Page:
Experiencing the Peak - Speedwell Connection

Sunday March 8th 1992.

“All this country is hollow. Could you strike it with a gigantic hammer it would boom like a drum.” wrote Conan Doyle about the cave area around Castleton, Derbyshire.
However to join up some of these hollow bits a lot of committed digging is required and in March this year I found myself floundering in exactly one of those connecting passageways
I must be one of the most luckiest people In the world, I thought as squirmed in Colostomy Crawl, an oval, excessively muddy tube slanting slightly upwards and forcing ones bum and nose to the floor. I had somehow become wedged between two people carrying ammo boxes. The one ahead had arranged his on a sling which allowed the box to lie between his feet

“When I move forward shove the box at the same time.” , he ordered.

“Yes, of course” I complied, admiring his wetsuit clad calves and wondering what advantage such gigantic feet conferred to the average caver.

“Pull my box with your feet as you move forward.” , said the one behind.

“Yes, of course”, I puffed.

Preoccupied, I must have lost my rhythm at some point and a sharp yelp ahead resulted in a three minute enforced stop. “I think I can manage myself now”, said the voice in front and we all launched forward once more. Unimpeded by boxes I concentrated on the moist, fecund, sticky mud slowly seeping into my ears, eyes, nose, mouth and every other crevice my holely suit would allow. A feeling of intense happiness and delight flooded me as I confined my outlook to that of some flagelattory organism wallowing along in a miasma of mud. In other words I surrendered myself entirely to my surroundings. Confused I arrived at Engaro and fighting to gain control of a more human perspective I strode aggressively down the series of ladders demanding to know how this magnificent aven had acquired its odd name. “They decided to reverse the word “oranges as they were eating one at the time.” came back the startling reply. I was completely taken aback by this cavalier approach to the important business of cave passage naming. Those of us who had been well brought up made every attempt to wash their clothes of mud- completely unsuccessfully, the rest of us peered into the gloom over the boulders behind us and finally set off up the shallow stream ahead. Leaving the stream by way of a perfect crawl-height bypass with a superb smooth sandy bottom (a sort of designer crawl really) we regained the streamway just before the climb up left to Block Hall, a truly towering circular aven.

The compelling sound of water falling drew us on to The Bung, an artificially built dam designed to maintain the water level in Speedwell. Today the ladder could just about be seen though this is not always the case we were told. We were warned not step off left at the top because that is where the Bung Hole lurks and would shoot us down again making our ladder climbing efforts a complete waste of time.

Wading through The Whirlpool and climbing the short waterfall towards Cliff Cavern I was surprised to see Clive Westlake admiring the inscription “A health to all Mines and Mountaineers of Mines” near a drawing of a bottle and glass. I had last seen him in The Treasury and he certainly hadn’t overtaken us.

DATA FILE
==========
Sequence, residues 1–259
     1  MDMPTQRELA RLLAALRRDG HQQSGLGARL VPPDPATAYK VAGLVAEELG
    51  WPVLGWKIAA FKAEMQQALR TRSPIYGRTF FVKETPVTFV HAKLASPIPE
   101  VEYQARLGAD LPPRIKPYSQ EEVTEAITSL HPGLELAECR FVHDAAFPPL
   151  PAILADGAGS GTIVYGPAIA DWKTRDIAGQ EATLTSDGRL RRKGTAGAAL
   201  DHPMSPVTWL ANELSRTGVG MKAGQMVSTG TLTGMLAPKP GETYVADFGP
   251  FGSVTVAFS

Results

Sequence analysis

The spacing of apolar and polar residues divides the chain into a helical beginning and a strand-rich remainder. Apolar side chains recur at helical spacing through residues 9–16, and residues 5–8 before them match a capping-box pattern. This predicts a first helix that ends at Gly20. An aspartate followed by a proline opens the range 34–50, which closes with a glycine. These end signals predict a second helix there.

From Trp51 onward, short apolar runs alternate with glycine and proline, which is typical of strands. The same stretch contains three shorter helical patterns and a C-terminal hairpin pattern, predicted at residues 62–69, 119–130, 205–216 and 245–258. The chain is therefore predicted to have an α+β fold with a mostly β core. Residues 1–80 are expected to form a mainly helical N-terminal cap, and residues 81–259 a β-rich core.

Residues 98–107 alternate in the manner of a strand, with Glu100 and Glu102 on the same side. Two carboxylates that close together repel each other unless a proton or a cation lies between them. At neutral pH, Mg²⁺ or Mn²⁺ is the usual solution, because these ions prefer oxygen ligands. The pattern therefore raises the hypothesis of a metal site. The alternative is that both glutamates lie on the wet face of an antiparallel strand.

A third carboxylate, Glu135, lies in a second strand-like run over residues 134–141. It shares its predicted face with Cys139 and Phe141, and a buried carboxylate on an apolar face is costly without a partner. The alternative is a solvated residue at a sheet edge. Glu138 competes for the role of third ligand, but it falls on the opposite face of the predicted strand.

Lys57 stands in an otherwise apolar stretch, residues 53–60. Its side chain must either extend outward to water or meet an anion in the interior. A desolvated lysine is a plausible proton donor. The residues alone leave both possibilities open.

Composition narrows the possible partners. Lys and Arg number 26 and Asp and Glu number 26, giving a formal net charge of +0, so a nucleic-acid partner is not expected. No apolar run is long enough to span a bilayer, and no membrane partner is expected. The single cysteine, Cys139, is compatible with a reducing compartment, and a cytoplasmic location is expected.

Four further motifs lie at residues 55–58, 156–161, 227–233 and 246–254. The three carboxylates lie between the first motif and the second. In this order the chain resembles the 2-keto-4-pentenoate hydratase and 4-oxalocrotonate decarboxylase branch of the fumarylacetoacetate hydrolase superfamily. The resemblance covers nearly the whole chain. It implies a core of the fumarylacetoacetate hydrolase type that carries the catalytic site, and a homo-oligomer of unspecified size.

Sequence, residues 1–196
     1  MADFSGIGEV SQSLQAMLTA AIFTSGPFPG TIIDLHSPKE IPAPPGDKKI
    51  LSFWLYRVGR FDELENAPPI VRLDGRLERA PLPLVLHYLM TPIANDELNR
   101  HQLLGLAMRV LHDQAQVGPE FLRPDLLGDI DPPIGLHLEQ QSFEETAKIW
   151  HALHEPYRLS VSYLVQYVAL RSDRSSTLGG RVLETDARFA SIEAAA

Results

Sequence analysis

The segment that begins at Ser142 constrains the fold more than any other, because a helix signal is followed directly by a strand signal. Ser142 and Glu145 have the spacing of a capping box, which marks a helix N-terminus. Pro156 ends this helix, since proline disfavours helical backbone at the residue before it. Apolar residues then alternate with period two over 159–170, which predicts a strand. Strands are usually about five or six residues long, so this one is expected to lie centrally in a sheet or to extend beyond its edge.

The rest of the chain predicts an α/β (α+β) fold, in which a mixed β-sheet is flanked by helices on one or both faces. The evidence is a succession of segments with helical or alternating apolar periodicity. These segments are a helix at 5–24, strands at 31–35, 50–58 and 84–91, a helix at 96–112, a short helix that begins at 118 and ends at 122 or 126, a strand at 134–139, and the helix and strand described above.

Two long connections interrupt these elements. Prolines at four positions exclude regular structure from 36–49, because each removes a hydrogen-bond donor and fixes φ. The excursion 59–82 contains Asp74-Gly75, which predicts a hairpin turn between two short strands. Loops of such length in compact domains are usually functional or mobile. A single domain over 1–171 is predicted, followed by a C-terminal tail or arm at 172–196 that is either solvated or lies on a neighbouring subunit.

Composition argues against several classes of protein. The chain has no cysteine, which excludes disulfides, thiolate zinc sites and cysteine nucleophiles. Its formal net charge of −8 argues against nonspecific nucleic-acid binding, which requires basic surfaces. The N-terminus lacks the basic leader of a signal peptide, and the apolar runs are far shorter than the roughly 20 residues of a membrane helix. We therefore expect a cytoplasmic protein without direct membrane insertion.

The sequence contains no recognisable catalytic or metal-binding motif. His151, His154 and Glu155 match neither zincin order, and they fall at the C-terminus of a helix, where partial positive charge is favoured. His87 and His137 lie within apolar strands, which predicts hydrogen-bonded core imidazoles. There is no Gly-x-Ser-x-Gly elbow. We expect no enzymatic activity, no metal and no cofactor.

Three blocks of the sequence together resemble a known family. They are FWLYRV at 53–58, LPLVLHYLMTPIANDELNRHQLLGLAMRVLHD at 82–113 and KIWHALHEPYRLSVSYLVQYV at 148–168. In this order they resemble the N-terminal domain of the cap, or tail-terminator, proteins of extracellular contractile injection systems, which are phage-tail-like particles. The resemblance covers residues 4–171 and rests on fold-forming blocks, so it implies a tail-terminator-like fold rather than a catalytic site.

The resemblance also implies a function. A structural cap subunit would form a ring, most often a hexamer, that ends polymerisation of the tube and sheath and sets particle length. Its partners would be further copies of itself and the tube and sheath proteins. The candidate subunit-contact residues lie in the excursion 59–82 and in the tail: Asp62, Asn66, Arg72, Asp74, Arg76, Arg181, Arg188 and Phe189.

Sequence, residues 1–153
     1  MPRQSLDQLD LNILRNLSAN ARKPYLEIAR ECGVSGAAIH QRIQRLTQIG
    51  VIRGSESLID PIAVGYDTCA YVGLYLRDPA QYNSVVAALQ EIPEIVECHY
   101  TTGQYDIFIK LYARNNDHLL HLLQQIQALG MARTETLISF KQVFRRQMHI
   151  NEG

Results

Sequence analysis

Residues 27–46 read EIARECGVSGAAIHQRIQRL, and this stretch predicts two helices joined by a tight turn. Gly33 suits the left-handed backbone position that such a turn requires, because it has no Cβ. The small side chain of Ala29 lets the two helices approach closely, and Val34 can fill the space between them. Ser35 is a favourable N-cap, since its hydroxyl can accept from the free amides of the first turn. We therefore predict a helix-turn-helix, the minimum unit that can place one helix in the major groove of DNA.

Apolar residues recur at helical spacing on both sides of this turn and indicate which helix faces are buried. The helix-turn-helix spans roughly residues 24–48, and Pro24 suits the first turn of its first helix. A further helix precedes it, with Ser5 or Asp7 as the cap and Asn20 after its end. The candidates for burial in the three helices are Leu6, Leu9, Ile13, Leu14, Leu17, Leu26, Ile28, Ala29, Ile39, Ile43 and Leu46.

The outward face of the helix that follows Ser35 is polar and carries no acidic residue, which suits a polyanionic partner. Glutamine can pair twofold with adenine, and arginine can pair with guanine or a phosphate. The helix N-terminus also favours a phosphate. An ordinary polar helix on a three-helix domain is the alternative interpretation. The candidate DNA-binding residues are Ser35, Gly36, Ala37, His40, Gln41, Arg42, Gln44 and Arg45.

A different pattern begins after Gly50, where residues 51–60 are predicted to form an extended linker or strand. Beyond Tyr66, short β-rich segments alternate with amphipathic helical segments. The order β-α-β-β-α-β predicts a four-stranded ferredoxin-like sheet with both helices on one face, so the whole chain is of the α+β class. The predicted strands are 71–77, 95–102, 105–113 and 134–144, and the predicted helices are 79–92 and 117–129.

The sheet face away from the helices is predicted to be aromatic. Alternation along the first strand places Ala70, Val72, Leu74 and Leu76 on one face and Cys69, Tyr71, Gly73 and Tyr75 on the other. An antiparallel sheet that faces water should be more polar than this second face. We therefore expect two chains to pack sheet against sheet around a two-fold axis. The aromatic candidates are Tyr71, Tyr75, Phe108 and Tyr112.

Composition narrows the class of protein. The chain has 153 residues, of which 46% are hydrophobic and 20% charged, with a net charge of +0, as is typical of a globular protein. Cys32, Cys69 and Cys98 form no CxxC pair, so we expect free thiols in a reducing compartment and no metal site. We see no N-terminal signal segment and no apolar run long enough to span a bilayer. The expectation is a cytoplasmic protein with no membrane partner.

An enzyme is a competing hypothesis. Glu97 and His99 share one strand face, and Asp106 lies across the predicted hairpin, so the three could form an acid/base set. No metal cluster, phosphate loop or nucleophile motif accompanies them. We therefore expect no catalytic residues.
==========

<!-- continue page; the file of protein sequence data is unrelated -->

“Yes”, he explained patiently, “we came the easy way via the sump, it only takes a minute.”

It is not however, free dive able. He took a massive gulp of air to begin with and required another large gulp from his bottle midway.

Transfixed we stood at the base of Cliff Cavern aven looking up at what the Kwmdwr
Club, some ninety years ago, described as dark impenetrable rifts and we wondered
exactly where the rope hanging between the two waterfalls would lead had any of us thought to bring along some tackle. After a full and very frank thirty second discussion on the meaning of life we returned to find John Beck brewing hot ribena over one of many stoves scattered throughout the Peak Cavern- Speedwell system. That this one was at its farthest point from the Peak Cavern entrance added to its interest.
Fortified by our drink and a variety of sandwiches, everyone of which tasted of gritty mud, we negotiated the passageway to The Bathing Pool. Ignoring the almost but not quite irresistible request to peel off my wetsuit and cavort in the green depths in whatever I was wearing underneath I admired the steep sided walls in this almost circular pool of enchanted colour.

Wallowing under the Leaning Pillar we hived off down the attractively shaped and beautifully scalloped passageway to Whirlpool Rising. Locating the surface point above us, a little to the left of the first right hand bend in the road to the Winnats we commented on the different aspects of Main Rising. This is a large gloomy area of water covering a vertical shaft surrounded on three sides by dark, austere looking walls and Whirlpool Rising, a craggy hole in a very unimposing chamber. We reflected on the perverse hydrology that allows Main Rising to flood the system for several consecutive years and then for this role to be taken over by Whirlpool Rising.
Retracing our steps I contemplated our route back through Colostomy, The Trenches- considerably widened by the passage of cavers from which the ladder can be seen leading to the White River Series, Faulty Towers where Ben had the foresight to keep digging in his successful attempt to avoid the Wind Tunnel the entrance to which looked completely out of the question as I squirmed past it this morning. Climbing Egnaro I blissfully cut out all thought as I slipped mesmeric ally into the beguiling world of Colostomy, gliding as if in a dream almost effortlessly down the slightest of slopes, oozing the mud ahead of me and I thought yet again.

 “I am surely one of the luckiest people in the world.”

Margaret Beresford.

 

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